Alexander Schlaubitz and his Lufthansa team enjoy a highly exposed status in the German marketing world.
Any development or change the airline undertakes becomes national news. Journalists even call to examine the thought process of logo color selection. But despite the pressures around him, the Lufthansa vice president of marketing and University of Missouri–St. Louis alumnus navigates his varied responsibilities with excitement and humility.
“Lufthansa is one of the most significant German brands, so I’m massively grateful for the role,” Schlaubitz says from the back of a cab following a flight from Vienna. “It’s an incredibly visible brand, and it’s a very emotional brand. If anything comes up – positive or negative – it becomes front-page news. With the job comes a great responsibility.”
Having lived in Germany during his teenage years, Schlaubitz has a deep connection to the brand as well.
He spent the first decade of his life in Venezuela and then immigrated with his mother to her home country of Germany. By 18, Schlaubitz moved to his third continent to be closer to his father and study marketing and philosophy at UMSL.
With a strong business sense and curiosity about the fundamental motivations of others, Schlaubitz’s multidisciplinary education proved an important factor in his career trajectory.
“My time in the philosophy department was probably one of the most impactful because I discovered how to critically think through things, how to deconstruct problems and come up with logical solutions,” Schlaubitz says. “In my job, I try to vigorously comprehend what people’s needs are and take a deep look at ways in which we can add value to their lives. That’s where psychology and philosophy come in to help.”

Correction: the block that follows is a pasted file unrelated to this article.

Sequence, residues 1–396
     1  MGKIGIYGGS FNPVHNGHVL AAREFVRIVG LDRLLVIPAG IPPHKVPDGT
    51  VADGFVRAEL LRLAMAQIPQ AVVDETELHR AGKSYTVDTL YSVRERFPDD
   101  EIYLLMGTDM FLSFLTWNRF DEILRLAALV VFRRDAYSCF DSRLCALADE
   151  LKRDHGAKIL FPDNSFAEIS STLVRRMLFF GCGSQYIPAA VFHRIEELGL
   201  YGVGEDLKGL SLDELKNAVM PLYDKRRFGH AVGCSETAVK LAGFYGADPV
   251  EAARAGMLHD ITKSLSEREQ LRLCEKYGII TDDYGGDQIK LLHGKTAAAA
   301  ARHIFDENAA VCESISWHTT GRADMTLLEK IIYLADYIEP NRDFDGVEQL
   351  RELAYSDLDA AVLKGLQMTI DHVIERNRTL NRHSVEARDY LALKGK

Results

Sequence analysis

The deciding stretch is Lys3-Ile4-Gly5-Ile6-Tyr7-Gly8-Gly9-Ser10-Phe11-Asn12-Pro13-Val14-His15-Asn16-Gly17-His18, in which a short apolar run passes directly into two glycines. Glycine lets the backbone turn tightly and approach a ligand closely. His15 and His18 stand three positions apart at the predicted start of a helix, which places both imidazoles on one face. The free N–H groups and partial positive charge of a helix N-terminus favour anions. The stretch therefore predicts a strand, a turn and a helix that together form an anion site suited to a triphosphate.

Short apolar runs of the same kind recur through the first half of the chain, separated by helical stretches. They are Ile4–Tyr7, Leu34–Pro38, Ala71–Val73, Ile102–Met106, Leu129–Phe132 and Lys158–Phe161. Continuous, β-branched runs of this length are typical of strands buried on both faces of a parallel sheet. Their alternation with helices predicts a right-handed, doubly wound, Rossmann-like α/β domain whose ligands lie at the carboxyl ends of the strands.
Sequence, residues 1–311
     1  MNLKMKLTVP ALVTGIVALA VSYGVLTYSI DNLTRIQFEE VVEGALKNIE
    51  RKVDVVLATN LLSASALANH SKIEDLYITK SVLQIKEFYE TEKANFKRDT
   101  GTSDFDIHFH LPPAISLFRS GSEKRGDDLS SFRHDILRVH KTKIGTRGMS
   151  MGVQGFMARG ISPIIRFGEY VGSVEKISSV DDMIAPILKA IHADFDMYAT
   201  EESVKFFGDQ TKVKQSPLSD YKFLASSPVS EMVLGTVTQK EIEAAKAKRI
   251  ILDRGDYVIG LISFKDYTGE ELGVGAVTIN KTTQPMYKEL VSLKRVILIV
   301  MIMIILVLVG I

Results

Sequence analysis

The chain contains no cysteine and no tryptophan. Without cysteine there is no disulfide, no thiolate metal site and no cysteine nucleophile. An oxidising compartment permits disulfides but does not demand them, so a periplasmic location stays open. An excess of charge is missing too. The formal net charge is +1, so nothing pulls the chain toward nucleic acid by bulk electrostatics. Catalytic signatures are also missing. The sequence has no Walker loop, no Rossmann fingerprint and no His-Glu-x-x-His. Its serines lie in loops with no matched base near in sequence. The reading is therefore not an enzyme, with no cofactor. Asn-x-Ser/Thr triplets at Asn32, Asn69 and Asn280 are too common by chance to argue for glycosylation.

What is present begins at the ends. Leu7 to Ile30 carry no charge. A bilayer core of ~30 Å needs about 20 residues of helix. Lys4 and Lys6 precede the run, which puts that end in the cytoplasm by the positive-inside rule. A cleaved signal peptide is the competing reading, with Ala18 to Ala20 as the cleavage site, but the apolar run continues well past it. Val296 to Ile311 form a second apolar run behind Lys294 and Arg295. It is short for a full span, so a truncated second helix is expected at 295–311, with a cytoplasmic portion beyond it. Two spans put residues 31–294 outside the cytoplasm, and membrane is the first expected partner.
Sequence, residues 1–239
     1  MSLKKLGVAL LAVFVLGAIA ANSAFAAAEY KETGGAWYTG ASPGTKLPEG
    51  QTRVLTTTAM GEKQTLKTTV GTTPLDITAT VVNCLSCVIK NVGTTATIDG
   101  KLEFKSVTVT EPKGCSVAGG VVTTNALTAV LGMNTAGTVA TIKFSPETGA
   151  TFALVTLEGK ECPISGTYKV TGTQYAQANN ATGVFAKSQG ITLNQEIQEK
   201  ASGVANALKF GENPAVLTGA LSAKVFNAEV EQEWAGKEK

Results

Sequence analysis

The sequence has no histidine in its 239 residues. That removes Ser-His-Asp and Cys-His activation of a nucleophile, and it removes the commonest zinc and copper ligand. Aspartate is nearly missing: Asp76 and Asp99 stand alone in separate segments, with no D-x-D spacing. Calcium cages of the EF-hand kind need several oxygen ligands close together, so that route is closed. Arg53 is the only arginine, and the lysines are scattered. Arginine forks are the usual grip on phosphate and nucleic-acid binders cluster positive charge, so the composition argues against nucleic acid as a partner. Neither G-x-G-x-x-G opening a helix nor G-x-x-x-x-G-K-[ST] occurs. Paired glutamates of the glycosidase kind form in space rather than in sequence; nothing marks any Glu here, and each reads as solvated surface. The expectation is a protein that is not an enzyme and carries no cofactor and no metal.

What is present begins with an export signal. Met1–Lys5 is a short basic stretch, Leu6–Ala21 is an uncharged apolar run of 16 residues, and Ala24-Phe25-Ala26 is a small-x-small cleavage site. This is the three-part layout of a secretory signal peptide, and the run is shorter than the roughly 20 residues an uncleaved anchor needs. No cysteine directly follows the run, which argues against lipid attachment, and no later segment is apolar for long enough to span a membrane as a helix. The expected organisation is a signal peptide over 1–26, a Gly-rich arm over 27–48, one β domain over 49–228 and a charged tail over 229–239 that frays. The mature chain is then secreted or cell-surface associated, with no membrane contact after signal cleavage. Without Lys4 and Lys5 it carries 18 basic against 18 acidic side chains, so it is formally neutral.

Since transitioning from Facebook five years ago, Schlaubitz has led Lufthansa’s global content production, business marketing, media advertising, digital innovation and brand strategy.
In February, his team revealed its first rebranding project in 30 years, which included a modern take on Lufthansa’s 100-year-old crane logo. The undertaking paid off as the company earned more creative awards in the last year than in its entire history.
“Being allowed to participate in the shaping of such an important asset is pretty fascinating,” Schlaubitz says. “I have a heightened sense of curiosity, so it’s a brilliant time to try to figure out what motivates people. Technology is changing. Cultures are changing. There is nothing that is standing still, so it’s a fantastic intellectual challenge to try to stay ahead.”